The process of childbirth—especially if a woman has many children and they are more than 8 lbs at birth—causes weakness in the pelvic area. Many women won’t notice any difference immediately, but, over the years, and under the influence of gravity and aging, problems develop.
The most commonly occurring problem is called uterine prolapse. In this condition, the uterus actually slips from its supports and begins to move down in the vagina, until it actually protrudes out through the vulva. The protrusion will be worse after women sufferers from this condition are on their feet for long periods of time. Some women can relieve the symptoms temporarily by literally pushing the uterus back up. (Most women will notice the prolapse before the uterus actually protrudes. They typically experience pressure and heaviness in the pelvic area and they often describe the experience of “feeling something” when they insert a finger in their vagina.)
The second most commonly occurring problem is vaginal cystocele or rectocele. During childbirth, as the baby moves through the vagina, the strong tissue surrounding the vagina is stretched and even split. The most common areas damaged are the wall between the vagina and the bladder, and the wall between the vagina and the rectum. The “splits” in the strong tissue—or fascia—are actually hernias, and can begin to bulge just like a typical hernia might.
A woman with a cystocele (a defect in the wall between the bladder and the vagina) will experience a bulging sensation in the top of her vagina when she inserts a finger in her vagina. Again, if the problem is not addressed, the bulge can actually begin to protrude through the vulva. Along with the discomfort of a cystocele, women frequently lose urine when they cough or sneeze.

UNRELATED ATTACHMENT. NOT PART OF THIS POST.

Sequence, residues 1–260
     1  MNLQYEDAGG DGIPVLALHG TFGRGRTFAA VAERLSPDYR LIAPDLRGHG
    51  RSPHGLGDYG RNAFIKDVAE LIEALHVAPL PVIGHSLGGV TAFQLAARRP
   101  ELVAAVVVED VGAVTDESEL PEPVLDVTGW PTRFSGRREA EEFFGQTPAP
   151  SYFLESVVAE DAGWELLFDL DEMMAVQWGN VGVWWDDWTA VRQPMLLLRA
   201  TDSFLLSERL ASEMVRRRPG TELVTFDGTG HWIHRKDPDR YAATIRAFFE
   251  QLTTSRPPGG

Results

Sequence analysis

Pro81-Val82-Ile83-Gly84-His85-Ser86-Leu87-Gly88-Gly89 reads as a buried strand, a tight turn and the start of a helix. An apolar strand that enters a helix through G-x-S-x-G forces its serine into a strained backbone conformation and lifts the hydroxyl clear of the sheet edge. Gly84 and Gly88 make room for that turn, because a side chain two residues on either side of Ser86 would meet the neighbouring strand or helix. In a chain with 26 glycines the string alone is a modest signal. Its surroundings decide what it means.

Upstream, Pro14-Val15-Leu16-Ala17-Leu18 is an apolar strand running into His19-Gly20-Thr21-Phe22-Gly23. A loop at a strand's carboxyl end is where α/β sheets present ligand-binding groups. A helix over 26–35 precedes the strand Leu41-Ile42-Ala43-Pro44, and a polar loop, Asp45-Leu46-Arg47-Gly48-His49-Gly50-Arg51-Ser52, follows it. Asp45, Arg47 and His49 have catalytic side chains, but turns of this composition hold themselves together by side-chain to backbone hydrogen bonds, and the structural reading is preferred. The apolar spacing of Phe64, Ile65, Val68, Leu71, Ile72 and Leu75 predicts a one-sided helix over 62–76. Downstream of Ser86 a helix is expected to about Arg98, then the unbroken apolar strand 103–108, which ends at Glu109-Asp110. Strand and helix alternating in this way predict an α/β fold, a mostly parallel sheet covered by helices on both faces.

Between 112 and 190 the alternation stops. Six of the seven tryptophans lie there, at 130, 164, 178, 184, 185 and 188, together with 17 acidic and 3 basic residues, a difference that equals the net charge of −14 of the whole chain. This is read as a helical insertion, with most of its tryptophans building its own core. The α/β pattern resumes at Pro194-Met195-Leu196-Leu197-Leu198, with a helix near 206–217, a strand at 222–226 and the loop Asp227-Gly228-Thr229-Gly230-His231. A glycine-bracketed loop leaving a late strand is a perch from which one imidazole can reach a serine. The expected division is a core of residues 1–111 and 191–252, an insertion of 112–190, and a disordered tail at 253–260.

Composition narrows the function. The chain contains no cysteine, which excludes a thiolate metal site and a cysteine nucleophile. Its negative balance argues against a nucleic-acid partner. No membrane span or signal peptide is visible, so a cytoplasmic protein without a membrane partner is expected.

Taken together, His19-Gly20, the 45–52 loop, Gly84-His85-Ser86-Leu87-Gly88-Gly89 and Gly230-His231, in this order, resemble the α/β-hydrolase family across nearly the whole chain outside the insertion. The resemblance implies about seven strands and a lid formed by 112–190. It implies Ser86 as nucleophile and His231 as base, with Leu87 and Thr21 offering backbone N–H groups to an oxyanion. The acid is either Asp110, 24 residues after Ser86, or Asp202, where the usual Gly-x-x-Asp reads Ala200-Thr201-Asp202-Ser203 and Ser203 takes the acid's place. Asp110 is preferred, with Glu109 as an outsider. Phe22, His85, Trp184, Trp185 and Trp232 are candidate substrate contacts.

A rectocele is best described as a hernia that occurs between the rectum and the vagina. Again, a woman will feel a bulge, this time in the back of the vagina. Sometimes the bulge actually protrudes to the outside.
Another common symptom associated with a rectocele is obstipation (similar to constipation). The symptoms of obstipation are an inability to move stool out of the rectum unless a finger is inserted into the vagina and the stool is actually pushed out. (The stool is being caught in the pocket formed by the hernia.)
Along with the above issues, women who have had vaginal deliveries often feel “loose” or “open” in the vaginal area, and complain that intercourse is not as satisfying to either partner.
Even women who have had hysterectomies can develop prolapse, known as vaginal vault prolapse, years after their hysterectomies. Again, these women experience pelvic pressure and heaviness and often feel something extruding from the vulva. Women who have had vaginal hysterectomies are especially susceptible to vaginal vault prolapse.